On 16 November 1272, Henry III died. Gilbert de Clare took the lead in swearing fealty to Edward I, who, at the time, was in Sicily on route home from the Crusade. The next day, with the Archbishop of York, Gilbert de Clare entered London and proclaimed peace to all. For the first time, secured the acknowledgment of the right of the King’s eldest son to succeed to the throne immediately. From that point on, Gilbert de Clare was joint Guardian of England during the King’s absence. Upon Edward I’s return to England in August 1274, Gilbert de Clare entertained him at Tonbridge Castle.
During Edward’s invasion of Wales in 1282, Gilbert de Clare was named the commander of the southern army invading Wales. However, Gilbert de Clare’s army was badly beaten at the Battle of Llandeilo Fawr. Following this defeat, Gilbert de Clare was relieved of his command and was replaced by William de Valence, 1st Earl of Pembroke (whose son had died during the battle).
In 1285, Gilbert de Clare’s marriage to Alice de Lusignan was annulled.
On 30 April 1290, Gilbert de Clare married Joan of Acre at Westminster Abbey. Joan of Acre was the daughter of Edward I of England (my 22nd great-grandfather through Edmund of Woodstock, my 22nd great-grandfather through Edward II of England, and my 24th great-grandfather through Joan of Acre) and Eleanor of Castile. Through this marriage, Edward I bound Gilbert de Clare and his assets more closely to the Crown. By the provisions of the marriage contract, the couple’s joint possessions and Gilbert de Clare’s extensive lands could only be inherited by a direct descendant of Gilbert de Clare and Joan of Acre. If the marriage proved childless, the lands would pass to any children Joan of Acre might have by further marriage. Luckily, Gilbert and Joan had one son named Gilbert, and three daughters named Eleanor, Margaret, and Elizabeth.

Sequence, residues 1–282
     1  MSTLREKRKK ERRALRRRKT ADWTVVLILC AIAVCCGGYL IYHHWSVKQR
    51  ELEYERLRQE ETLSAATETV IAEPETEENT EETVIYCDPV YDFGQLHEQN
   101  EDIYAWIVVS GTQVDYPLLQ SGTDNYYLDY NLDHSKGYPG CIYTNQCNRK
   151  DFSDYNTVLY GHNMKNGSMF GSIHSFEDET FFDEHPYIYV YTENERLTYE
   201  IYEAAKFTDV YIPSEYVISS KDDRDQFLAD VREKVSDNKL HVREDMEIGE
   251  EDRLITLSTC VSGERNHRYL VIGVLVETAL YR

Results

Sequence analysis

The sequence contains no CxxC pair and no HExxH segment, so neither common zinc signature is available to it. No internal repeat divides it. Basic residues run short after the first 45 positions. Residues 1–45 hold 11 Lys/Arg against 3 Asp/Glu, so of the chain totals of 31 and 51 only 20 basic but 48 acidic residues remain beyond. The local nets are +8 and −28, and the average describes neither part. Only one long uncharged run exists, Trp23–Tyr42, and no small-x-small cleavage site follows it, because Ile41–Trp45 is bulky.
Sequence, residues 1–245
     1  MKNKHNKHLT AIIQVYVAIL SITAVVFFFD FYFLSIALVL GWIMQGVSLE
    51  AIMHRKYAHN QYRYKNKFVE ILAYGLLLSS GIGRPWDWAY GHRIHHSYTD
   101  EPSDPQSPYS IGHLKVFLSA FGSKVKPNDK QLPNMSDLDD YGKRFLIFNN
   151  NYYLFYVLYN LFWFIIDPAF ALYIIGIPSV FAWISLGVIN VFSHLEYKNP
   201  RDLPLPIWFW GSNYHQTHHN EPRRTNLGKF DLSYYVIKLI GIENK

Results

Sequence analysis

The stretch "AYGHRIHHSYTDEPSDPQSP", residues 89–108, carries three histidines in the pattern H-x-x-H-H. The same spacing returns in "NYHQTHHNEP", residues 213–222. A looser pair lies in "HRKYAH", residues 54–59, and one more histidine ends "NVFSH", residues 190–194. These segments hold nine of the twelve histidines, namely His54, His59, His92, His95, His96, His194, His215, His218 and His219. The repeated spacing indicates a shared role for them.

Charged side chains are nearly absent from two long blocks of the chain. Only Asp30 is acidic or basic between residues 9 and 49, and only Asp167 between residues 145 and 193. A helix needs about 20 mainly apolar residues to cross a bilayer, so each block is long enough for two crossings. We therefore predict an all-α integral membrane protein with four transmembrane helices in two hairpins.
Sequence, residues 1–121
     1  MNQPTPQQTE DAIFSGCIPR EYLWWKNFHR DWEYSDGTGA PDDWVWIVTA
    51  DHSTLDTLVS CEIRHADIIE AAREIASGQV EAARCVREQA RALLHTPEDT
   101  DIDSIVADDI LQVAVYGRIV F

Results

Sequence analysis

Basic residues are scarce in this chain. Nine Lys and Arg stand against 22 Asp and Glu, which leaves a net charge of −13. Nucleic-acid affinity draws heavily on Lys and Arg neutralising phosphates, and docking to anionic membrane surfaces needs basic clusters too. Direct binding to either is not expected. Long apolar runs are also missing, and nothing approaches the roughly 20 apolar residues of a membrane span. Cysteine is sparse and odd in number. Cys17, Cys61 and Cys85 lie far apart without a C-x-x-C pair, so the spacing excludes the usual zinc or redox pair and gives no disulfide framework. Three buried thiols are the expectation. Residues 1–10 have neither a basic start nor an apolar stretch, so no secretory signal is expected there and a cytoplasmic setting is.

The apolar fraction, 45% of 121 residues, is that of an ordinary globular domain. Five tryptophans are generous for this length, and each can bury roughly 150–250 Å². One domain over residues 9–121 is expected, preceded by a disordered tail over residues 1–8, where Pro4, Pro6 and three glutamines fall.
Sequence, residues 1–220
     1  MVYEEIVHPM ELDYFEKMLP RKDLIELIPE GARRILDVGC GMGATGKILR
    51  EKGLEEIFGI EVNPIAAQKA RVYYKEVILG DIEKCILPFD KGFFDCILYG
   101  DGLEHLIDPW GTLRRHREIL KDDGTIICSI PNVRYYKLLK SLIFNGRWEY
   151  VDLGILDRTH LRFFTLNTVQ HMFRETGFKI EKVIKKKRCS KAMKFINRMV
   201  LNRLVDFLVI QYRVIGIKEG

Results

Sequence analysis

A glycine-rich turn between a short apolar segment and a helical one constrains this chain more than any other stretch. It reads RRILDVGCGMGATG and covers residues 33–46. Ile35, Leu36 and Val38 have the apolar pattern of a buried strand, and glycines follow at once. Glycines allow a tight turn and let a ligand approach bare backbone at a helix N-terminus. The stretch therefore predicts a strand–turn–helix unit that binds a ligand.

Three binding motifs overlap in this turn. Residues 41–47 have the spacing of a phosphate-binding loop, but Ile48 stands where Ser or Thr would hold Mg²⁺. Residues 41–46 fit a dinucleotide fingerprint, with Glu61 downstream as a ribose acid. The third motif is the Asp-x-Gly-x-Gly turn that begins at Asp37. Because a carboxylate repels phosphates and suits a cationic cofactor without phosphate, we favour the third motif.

On 3 July 1290, Gilbert de Clare hosted a great banquet at Clerkenwell to celebrate his marriage, after receiving confirmation that the Pope had sanctioned their marriage. Edward I then gave Gilbert de Clare several estates. Disputed hunting rights on these estates led to several armed altercations with Humphrey de Bohun, 3rd Earl of Hereford (my 24th great-grandfather). Edward I resolved those conflicts. Gilbert donated to the priory and also had a “great conflict” about hunting rights and a ditch that he dug with Thomas de Cantilupe, bishop of Hereford, that was settled by costly litigation. Gilbert had a similar conflict with Godfrey Giffard, bishop and administrator of Worcester Cathedral. Soon after, Gilbert de Clare and his wife Joan of Acre “took the cross” and departed for the Holy Land.
In September 1290, Gilbert de Clare signed the Barons’ Letter to the Pope. On 2 November 1290, he surrendered his claim to the advowson of the Bishopric of Llandaff.
In 1291, Gilbert de Clare one again bickered with Humphrey de Bohun about the Lordship of Brecknock. Humphrey de Bohun accused Gilbert de Clare of building a castle on his land. This quarrel culminated in a war between the two men. Although Marcher Lords were permitted to wage private wars, this conflict did not please Edward I. Consequently, both Gilbert de Clare and Humphrey de Bohun were imprisoned by Edward I, and their lands were forfeited. In addition, Gilbert de Clare was fined 10,000 marks; Humphrey de Bohun was fined 1,000 marks. When the men were released from imprisonment, their lands were completely restored to them.
Finally, on 7 December 1295, Gilbert de Clare died at Monmouth Castle and was buried at Tewkesbury Abbey.